So I did what any blogging law professor does in response: I wrote a “Taking Exception” reply for the Opinion page. They ran it, but of course it is behind that paywall too. So I’ve reprinted it below. (Does that make me a parasite?) I talk a little about the law in very general terms (even simplistic, you might say), but I also try to respond to their panicked rewrite of journalism history:

In their argument for a sweeping and unwise expansion of copyright law to protect newspapers from online “free riders,” David and Dan Marburger make several unjustified assumptions. I understand and share their concern that competition from digital sources may cut ad revenue for traditional outlets. But they seem to blame the whole problem on web sites like Newser.com or the Huffington Post that link to stories in many newspapers. This diagnosis is flawed, and their proposal would be a disastrous limit on free speech.

For starters, they ignore all the other long-term challenges facing newspapers, including changing reading habits, the arrival of 24-hour cable news, poor labor relations, and the movement of readers from traditional old cities to the suburbs and the Sun Belt. As television news matured in the mid-20th century, numerous dailies nationwide folded or merged (New York City went from eight to three), yet the authors baldly and incorrectly state that broadcast news did not depress newspaper circulation.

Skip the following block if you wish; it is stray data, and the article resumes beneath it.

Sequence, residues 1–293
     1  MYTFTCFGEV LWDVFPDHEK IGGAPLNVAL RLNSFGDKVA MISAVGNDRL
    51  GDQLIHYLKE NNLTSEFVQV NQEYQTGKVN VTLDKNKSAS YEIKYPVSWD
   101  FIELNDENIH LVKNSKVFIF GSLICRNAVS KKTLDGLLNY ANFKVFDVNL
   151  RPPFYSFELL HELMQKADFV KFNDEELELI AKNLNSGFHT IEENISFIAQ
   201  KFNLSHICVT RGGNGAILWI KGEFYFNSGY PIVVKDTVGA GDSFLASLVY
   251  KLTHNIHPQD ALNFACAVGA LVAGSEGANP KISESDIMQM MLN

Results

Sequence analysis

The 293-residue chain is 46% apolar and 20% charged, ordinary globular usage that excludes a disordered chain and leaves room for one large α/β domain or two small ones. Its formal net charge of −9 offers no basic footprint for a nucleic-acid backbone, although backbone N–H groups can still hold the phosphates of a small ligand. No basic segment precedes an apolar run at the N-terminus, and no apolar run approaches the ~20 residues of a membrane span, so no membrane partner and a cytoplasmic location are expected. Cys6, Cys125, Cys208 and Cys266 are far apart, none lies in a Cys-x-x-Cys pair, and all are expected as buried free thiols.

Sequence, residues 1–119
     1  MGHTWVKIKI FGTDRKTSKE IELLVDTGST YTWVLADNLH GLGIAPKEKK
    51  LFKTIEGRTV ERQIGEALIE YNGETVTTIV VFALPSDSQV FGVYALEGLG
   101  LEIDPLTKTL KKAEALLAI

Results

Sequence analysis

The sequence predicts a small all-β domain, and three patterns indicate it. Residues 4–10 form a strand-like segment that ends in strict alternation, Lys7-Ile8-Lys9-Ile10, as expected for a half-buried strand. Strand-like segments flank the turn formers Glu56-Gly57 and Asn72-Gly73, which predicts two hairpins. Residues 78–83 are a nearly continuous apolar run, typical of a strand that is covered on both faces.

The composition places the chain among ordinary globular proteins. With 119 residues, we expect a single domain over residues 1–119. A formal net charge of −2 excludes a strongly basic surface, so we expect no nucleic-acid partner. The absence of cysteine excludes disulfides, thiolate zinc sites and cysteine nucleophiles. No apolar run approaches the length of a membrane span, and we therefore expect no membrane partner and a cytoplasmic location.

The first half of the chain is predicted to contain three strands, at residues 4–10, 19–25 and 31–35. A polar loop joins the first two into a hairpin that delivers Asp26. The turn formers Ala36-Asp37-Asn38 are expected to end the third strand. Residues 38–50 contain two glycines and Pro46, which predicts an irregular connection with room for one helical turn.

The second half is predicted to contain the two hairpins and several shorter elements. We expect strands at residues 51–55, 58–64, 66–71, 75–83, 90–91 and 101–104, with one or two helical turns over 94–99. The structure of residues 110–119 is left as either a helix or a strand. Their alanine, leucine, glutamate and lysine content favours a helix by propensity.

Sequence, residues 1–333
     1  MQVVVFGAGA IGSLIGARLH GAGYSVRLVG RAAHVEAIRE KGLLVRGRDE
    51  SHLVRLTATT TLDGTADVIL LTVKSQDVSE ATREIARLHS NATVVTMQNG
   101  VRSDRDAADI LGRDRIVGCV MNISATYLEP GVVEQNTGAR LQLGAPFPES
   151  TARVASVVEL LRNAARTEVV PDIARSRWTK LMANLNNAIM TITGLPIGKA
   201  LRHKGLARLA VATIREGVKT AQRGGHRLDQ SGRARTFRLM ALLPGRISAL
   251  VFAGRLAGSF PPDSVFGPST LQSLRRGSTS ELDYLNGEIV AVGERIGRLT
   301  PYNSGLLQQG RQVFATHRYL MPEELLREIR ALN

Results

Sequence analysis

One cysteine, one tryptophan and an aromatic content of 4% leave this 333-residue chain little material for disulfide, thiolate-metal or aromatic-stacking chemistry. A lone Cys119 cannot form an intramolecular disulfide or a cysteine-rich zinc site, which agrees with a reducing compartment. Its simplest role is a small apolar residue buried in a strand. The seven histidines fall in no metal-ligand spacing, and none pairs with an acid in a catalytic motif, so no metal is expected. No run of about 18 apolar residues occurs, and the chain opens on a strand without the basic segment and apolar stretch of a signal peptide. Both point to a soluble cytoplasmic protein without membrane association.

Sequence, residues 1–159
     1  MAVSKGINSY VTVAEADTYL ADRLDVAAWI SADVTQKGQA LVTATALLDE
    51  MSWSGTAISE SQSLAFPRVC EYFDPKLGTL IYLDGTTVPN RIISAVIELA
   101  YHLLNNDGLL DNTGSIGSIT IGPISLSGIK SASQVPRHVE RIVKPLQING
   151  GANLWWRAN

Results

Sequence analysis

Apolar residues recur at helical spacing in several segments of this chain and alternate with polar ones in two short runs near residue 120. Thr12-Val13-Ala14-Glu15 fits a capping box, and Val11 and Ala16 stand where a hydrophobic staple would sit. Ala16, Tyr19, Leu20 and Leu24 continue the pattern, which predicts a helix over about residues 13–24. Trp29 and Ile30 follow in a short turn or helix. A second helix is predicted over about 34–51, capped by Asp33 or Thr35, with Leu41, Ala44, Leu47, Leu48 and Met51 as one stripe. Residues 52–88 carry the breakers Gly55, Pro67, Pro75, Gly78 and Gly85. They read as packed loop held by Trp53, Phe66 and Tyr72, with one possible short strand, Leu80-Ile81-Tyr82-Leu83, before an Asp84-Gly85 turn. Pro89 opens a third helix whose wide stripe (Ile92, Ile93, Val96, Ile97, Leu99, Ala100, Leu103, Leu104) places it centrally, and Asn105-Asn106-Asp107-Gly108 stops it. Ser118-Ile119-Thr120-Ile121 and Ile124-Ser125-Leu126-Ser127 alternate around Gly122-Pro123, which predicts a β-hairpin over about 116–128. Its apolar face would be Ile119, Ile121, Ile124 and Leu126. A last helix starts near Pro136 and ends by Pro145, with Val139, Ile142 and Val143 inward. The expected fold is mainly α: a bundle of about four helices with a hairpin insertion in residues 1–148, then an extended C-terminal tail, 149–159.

In light of this history, it is comical to blame aggregation web sites or blogs for all newspapers’ current woes. Copyright law already forbids reprinting the whole article or anything close to it. Usually, sites adhere to copyright’s fair use doctrine by posting only short blurbs and hyperlinks that highlight newspaper reports. Many readers will learn of stories they never would have found, and follow those links to the original publication. Anyone satisfied with just these little blurbs was never going to buy a regular newspaper subscription anyhow.

The Marburgers’ dangerous proposal would expand copyright and related unfair competition law to ban web sites (and presumably anyone else) from saying “The Daily Bugle ran a story this morning about the Mayor’s new budget” and quoting a paragraph of the article. Contrary to the authors’ assertions, a 1918 Supreme Court case about the Associated Press did allow news agencies to claim unacceptable monopolies over the facts they reported. Congress wisely abolished such special rights for media companies in 1976. Bringing them back would destroy the vibrant discussion found every day on countless blogs. (And perversely, it might prevent other traditional newspapers from giving credit to the original scoop when they write follow-up stories!)